Money Hayek seems to switch toward favoring stability in the consumer price index,
contrary to what he believed his entire career. It was his explanation for the crash of 1929.
But in The Denationalization of Money he says private money issuers would most appeal
to the public if they promised stable prices. Has a little footnote: Yes, yes, I’m among those
who pointed out this could be a problem, but I no longer think it’s a problem of much
practical relevance. Trouble making sense of that. Think what he’s saying is that when you
are talking about Central Banks creating problems of 25% inflation, that’s a much bigger
practical problem than the malinvestment caused by trying to create a stable price level. Go
back to 1931-1932 for a minute: talking about why Hayek’s ideas fell out of favor. Gloomy
story; waiting it out takes a long time. Others have argued that that long time wasn’t Hayek’s
fault: there was regime uncertainty. Bob Higgs has argued that–Roosevelt frantically
intervening in a lot of ways in the price system and the rules of the game, so private
investment takes horrible tumble in the 1930s; could be for other reasons as well. Add in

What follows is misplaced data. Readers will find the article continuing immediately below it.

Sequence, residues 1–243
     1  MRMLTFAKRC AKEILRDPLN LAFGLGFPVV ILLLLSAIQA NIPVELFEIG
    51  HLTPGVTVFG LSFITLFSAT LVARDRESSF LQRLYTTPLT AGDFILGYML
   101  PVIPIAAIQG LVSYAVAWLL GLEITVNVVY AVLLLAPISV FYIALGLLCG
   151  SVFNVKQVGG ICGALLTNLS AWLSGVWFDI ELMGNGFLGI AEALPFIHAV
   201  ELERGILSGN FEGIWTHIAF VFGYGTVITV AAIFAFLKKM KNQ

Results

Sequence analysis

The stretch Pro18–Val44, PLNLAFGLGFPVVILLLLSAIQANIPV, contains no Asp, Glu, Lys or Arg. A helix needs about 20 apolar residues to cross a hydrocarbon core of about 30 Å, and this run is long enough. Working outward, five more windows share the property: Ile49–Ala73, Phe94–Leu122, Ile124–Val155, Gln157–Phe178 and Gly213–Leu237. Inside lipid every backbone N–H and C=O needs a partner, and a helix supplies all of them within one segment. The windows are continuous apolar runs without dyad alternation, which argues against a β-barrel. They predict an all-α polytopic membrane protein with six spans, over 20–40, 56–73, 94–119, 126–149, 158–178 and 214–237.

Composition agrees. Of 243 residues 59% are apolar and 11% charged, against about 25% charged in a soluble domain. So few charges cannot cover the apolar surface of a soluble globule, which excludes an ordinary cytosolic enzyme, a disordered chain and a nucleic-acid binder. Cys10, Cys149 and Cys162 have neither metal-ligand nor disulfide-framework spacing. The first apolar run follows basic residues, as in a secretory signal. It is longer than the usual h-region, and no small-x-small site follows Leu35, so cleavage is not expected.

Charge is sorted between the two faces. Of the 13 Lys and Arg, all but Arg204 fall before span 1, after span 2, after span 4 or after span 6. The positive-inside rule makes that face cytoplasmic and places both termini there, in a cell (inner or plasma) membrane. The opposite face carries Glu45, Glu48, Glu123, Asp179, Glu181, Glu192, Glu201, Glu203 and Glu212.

all these stories: Higgs: regime uncertainty; Friedman: money supply collapsing. Not just
uncertainty about Roosevelt was going to do, but what Roosevelt actually did in the
National Recovery Act and the Agricultural Adjustment Act. Organized agriculture to
restrict output in the name of raising prices, in the name of restoring profits, and thereby
prosperity. Non sequitur there: you can make one industry more profitable by cartelizing it
and increasing its profits, but you can’t do that for everybody because it only works by
restricting output. If everybody restricts output, it’s even worse. Industries restricting output
are not going to be hiring more workers–they will be cutting back on all those things.
Strange idea that still has some life of its own.
40:09 Piece of Keynes that is fruitfully tied into the story of Hayek: The role of animal
spirits, psychology, fear of the future, uncertainty–reference in rap video we are about to
hear …